An Interview with James (Alex) Ferrante

by Robin Gary

 James' Online Show | James' Profile Page

Welcome to the 2nd year of TCAA Featured Artist Interviews! Our artist for February and March is James Alexander Ferrante, an undergraduate in the B.F.A. program at Texas A&M University Corpus Christi. He will be graduating in December 2014. With Louis Katz as a mentor, Alex has been experimenting with form and surface. He is skillfully producing wares that distinctively represent his attention and analysis. You can see photographs of Alex’s work online on the TCAA site and on his artist site: http://jamesalexanderferrante.com/

You changed from the College of Biology to the College of Art in 2011. What was the catalyst for the change in direction? Have you always had a creative and logical bent?

Art was something I have always done and made and it makes sense to me. Coming into college and the years around the beginning, there is this stress to decide what you would do for the rest of your life. Naturally, I wanted to try different routes. It only made sense. I have always been interested in the environment and science became of interest. Quickly, I realized that what made the most sense to me was to pursue something that I had always done.  There was a feeling of content with that sort of thought process. I realized that my motivations were elsewhere and there was something a purely scientific career wouldn’t fulfill in me. I needed a different type of voice. I am still very interested in science and where the boundaries of art and science overlap.

Most of your work advances Japanese influences. You have achieved a fluidity of form and understated surface quality of artists who have worked for years. How did you come to this path of work? What are your favorite surfaces? What are your favorite inclusions for your throwing body? Why? 

It’s really hard to say exactly how I came in to this path of work. In part, I try not to think about it and rather just act on ideas I feel are important for people to know about. Part of it is the environment of the school and influences taken from there. I think I was exposed to the idea of sensitivity at just the right time. I saw how powerful an object could be that isn’t yelling for attention and, rather, is able to confidently sit in the shadows. I am fond of scale and specifically small-scale work. I like the idea of exposing everything that exists in small work. It’s an idea that I can stand behind. I think both of these reasons are part of why the work has Japanese influences.

 The forms themselves are influenced by the material as much as the idea. In some ways the objects in a physical sense seem second to the ideas embellished in them.  I think I find this feeling most often visible in surfaces. Immediately, I was drawn to the surfaces found most often in wood-fired pottery throughout history. I do not have direct access to a wood kiln. I was open to the challenge of achieving a similar surface without a wood kiln. I have been using soluble salts as a surface treatment and mainly firing at cone 10 reduction and cone 7 oxidation. The surfaces of my pots are very different from anything found in wood kilns and I like that. I like the idea of referencing historical and contemporary influences but really making something completely different.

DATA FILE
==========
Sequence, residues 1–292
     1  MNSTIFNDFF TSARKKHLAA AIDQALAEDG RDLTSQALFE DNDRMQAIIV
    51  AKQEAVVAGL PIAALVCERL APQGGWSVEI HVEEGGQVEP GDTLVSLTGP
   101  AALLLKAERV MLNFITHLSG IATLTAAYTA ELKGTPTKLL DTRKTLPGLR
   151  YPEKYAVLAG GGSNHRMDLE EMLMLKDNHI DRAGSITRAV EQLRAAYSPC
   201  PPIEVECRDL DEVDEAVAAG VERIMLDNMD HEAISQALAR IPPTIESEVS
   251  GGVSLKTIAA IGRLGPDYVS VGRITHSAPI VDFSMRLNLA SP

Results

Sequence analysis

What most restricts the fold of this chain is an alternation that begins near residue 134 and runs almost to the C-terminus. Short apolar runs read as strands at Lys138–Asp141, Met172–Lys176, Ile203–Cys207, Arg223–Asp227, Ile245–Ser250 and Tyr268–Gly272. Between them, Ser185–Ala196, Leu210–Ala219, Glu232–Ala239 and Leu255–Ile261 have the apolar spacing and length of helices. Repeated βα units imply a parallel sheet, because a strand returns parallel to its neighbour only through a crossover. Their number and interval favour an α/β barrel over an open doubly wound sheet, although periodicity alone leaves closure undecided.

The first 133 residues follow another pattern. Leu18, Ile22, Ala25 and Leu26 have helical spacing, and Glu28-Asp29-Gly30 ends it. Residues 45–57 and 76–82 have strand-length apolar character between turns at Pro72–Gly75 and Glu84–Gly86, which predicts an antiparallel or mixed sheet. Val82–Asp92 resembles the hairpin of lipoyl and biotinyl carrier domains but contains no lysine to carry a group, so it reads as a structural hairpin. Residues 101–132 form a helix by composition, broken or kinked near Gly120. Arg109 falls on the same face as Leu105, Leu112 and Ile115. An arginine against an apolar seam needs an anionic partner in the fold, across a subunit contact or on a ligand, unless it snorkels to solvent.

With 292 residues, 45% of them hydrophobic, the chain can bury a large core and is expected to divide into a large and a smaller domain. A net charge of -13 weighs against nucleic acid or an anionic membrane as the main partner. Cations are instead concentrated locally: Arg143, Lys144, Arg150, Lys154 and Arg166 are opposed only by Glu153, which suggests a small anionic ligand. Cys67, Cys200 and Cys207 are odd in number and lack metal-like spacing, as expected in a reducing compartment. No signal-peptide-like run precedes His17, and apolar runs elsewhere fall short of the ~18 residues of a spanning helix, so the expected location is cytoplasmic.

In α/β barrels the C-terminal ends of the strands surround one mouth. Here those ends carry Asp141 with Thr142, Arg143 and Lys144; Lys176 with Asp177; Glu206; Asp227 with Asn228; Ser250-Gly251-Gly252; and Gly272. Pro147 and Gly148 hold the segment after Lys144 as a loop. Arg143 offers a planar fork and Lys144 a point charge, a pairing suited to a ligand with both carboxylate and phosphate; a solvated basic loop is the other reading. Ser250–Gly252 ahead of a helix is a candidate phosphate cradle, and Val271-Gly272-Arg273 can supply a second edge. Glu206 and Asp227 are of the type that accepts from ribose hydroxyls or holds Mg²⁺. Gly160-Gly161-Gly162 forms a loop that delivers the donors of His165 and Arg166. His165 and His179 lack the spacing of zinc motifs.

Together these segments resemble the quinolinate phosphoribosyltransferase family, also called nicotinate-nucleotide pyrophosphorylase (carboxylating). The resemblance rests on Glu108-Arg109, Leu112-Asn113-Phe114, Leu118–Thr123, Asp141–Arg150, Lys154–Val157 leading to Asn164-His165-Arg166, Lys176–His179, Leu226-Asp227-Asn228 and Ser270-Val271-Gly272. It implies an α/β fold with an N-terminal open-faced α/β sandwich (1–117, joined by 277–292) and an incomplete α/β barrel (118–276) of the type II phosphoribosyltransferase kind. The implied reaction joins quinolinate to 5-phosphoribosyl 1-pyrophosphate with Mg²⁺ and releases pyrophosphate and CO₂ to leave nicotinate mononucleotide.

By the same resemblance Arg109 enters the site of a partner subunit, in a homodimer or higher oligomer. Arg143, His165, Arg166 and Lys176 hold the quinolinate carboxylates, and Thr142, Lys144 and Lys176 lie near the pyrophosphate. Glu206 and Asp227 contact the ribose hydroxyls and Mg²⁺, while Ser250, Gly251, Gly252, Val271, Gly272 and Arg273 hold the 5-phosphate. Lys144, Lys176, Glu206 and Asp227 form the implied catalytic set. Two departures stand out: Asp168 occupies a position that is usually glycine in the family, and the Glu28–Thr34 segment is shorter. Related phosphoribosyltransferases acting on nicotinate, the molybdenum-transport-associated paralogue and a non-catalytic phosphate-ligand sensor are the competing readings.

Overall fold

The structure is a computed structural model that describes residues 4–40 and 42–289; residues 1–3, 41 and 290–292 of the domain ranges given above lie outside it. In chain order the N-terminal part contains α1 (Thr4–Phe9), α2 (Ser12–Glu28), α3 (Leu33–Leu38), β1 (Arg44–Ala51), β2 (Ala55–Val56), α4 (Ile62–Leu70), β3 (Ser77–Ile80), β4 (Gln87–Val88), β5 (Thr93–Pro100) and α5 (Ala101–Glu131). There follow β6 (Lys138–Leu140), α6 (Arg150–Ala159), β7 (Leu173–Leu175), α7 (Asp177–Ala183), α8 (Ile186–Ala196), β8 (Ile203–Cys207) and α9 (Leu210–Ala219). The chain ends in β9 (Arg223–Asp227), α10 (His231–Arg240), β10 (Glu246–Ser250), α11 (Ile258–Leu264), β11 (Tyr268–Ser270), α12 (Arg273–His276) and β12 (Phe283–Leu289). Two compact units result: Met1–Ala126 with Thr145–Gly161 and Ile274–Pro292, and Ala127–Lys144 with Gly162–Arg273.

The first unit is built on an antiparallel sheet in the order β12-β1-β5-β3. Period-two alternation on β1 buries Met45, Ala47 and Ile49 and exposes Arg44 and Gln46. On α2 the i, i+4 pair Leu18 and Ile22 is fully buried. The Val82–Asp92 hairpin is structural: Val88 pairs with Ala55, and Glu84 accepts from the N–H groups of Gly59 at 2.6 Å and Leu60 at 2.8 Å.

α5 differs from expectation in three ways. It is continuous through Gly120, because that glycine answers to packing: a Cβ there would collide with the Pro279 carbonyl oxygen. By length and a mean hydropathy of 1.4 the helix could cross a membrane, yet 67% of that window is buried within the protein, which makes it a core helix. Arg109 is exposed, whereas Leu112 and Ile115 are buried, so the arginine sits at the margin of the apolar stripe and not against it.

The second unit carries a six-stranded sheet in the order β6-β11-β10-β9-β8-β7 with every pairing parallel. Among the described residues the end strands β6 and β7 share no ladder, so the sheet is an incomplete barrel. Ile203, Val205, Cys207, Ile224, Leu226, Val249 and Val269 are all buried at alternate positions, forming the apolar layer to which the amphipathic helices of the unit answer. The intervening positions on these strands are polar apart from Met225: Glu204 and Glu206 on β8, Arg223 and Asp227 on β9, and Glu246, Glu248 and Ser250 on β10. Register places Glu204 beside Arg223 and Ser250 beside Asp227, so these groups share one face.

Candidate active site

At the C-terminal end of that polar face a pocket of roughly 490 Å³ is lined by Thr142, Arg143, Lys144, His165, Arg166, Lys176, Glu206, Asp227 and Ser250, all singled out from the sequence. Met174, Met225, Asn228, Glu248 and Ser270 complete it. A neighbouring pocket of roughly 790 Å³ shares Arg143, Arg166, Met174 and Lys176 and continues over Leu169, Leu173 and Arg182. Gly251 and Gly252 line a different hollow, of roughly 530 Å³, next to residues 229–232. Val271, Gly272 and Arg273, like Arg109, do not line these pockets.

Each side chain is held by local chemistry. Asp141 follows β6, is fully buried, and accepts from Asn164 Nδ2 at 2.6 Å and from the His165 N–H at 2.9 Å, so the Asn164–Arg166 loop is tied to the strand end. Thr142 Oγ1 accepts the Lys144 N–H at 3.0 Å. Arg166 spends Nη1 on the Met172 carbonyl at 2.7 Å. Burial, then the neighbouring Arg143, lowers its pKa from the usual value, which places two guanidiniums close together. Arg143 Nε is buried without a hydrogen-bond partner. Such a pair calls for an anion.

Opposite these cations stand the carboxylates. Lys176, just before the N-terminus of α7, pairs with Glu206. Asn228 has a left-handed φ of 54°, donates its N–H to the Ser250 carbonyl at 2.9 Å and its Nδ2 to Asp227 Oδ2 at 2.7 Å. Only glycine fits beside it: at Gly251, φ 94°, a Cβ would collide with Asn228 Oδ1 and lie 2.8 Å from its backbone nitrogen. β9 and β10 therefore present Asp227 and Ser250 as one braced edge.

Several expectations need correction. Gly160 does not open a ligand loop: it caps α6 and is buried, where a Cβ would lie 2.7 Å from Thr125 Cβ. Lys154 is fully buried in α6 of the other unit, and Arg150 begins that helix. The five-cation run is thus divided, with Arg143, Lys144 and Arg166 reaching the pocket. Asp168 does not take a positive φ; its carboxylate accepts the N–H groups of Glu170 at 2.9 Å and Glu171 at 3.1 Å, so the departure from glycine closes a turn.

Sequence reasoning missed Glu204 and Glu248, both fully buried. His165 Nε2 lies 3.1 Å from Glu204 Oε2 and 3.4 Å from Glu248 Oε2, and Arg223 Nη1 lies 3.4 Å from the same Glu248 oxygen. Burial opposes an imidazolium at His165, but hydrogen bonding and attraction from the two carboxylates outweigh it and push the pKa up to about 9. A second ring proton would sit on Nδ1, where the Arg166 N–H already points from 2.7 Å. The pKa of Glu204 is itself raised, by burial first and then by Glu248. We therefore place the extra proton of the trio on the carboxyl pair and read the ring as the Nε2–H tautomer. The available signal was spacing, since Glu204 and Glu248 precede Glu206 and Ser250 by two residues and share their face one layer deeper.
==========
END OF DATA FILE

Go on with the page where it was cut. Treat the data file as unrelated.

At the moment, the surfaces of raw clay and clay treated with soluble salts fired at around cone 7 oxidation are my favorite. Aesthetically, they are what I am after and the idea that these surfaces are accessible is really important to me. I prefer accessible and aggressive art rather than objects that feel passive. I have used everything from sand to key shavings as inclusions in my clay. I want to expose the beauty and potential of clay itself as a means for expression. At the moment, I tend to use different types of chicken grit and grogs. The different inclusions act differently with each clay body and I love to explore this. I tend to use really obnoxious amounts or really subtle amounts and use really large inclusions in combination with really small ones. I think this provides an active surface quality that interacts with the viewer/user.

Your CV shows that you have jumped into this discipline wholeheartedly with academic honors and scholarships, assisting in building the Daniel Johnston's wood kiln, heading up the A&M's Ceramic Guild, and participating in the President's Council show in South Texas. I also saw that you are running for SDAL at NCECA this year. Kudos for being involved in the greater community! How are these activities influencing your choice to work in clay?